The rates for homestay are:
  • Private room (including breakfast) – 1,000 baht

  • Shared room for 10 (excluding breakfast) – 250 baht per head

  • Special activity in making Benjarong – 250 Baht
For reservations, please call + 66 8 1995 9196 or +66 8 1861 4626.

Garden outside the lodging

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Map of Don Kai Dee Benjarong Village

View Don Kai Dee Benjarong Village in a larger map

Getting to Don Kai Dee Benjarong Village

By public transport

Take a train from Wong Wian Yai in Bangkok to Mahachai in Samut Sakhon. Please see taking the Maeklong Line to Mahachai From Mahachai take a tuk tuk or taxi to the Don Kai Dee Benjarong Village.

There are metered taxis in Samut Sakhon city. You may need to walk from Mahachai train station and market to the main road to get one. Tell the tuk tuk or taxi driver you wish to go to "Mu Ban Benjarong Don Kai Dee".

The fare for the tuk tuk was 150 baht for a single trip. It is advisable to charter the tuk tuk or taxi as there is hardly any public transport at Don Kai Dee. For the round trip and for the waiting time while I toured the area, I paid 400 baht.

By car

Go south along Phetkasem Road and turn left at the Om Noi junction into Highway 3091. Turn right at Settakit 1 Road (Highway 3190), then turn left into Sukhonthawit Road.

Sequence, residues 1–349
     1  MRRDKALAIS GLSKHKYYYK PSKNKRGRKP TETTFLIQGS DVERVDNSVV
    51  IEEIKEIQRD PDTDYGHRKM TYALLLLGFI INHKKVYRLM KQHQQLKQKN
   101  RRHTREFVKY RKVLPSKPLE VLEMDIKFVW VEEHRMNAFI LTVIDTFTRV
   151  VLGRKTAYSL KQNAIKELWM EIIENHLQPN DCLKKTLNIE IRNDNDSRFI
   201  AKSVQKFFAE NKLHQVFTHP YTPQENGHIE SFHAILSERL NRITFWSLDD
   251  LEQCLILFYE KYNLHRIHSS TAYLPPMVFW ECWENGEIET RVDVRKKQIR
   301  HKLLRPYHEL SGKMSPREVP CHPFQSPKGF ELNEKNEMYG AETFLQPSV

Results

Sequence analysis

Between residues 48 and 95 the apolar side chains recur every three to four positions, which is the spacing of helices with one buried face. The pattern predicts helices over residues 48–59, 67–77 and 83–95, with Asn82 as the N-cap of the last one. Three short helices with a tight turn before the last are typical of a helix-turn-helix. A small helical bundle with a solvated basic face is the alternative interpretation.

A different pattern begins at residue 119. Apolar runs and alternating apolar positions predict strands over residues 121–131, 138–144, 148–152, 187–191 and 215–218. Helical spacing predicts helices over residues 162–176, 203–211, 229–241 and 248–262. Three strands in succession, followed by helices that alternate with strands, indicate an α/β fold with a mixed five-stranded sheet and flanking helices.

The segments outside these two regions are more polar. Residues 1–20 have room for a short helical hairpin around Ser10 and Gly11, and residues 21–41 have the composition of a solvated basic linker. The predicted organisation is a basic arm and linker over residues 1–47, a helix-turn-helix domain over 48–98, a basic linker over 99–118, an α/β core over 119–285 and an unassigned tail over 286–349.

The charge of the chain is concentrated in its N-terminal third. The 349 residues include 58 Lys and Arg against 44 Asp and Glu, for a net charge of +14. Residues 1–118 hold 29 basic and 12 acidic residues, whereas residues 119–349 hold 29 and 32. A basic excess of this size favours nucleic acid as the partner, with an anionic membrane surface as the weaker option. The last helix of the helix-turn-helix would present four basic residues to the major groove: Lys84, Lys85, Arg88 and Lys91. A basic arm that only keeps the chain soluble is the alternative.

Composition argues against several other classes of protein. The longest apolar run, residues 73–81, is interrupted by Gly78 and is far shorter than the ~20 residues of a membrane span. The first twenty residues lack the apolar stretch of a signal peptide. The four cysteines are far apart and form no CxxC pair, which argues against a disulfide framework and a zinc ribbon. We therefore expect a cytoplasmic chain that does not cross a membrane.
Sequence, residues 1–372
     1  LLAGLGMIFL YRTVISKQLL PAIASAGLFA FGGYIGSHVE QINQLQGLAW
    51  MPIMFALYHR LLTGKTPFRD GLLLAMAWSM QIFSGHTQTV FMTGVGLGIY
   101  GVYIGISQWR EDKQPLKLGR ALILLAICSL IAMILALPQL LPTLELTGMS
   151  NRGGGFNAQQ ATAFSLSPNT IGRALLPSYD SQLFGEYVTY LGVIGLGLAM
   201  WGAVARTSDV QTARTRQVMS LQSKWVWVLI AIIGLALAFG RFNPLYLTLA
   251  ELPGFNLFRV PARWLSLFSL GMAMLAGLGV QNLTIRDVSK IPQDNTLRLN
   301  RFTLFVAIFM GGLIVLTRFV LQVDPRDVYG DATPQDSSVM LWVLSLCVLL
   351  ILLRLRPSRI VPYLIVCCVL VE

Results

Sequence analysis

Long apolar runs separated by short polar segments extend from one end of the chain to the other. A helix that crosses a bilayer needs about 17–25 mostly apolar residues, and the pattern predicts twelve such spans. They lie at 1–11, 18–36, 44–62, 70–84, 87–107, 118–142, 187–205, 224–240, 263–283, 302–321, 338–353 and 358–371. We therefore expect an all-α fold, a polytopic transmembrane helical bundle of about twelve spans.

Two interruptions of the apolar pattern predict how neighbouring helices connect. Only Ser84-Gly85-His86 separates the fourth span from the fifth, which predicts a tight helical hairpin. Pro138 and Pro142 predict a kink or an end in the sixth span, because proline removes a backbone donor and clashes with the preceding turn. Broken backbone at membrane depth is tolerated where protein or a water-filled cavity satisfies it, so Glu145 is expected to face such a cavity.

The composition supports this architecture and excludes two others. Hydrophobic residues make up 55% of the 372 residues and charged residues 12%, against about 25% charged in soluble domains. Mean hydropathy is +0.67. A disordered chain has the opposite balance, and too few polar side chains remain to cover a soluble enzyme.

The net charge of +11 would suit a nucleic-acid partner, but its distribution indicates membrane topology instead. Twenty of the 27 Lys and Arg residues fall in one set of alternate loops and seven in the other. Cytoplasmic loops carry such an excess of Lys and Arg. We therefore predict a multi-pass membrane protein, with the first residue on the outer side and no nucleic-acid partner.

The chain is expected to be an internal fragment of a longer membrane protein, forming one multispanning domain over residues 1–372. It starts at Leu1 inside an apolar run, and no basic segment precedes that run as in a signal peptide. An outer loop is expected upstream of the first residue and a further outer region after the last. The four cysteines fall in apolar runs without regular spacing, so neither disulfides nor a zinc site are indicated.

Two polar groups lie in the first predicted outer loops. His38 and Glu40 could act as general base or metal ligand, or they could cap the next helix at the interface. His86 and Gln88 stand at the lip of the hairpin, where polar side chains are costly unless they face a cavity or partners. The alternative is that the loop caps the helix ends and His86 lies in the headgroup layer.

Turn left again into Thesaban 4 Road. Continue on till you see the sign for the Don Kai Dee Benjarong Village on the right.

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My thanks

Thank you to Khun Pong, the younger sister of Khun Urai, for her hospitality in showing me around her shops and homestay facilities. I am grateful for her kind permission to photograph her Benjarong porcelain and for the information she has provided.

Thank you Khun Pong

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In the next few months we will be exploring the history and handicraft of the north-eastern or Issarn region of Thailand.

Next month

Khon Kaen – the Issarn heritage

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Till next month then.

Eric Lim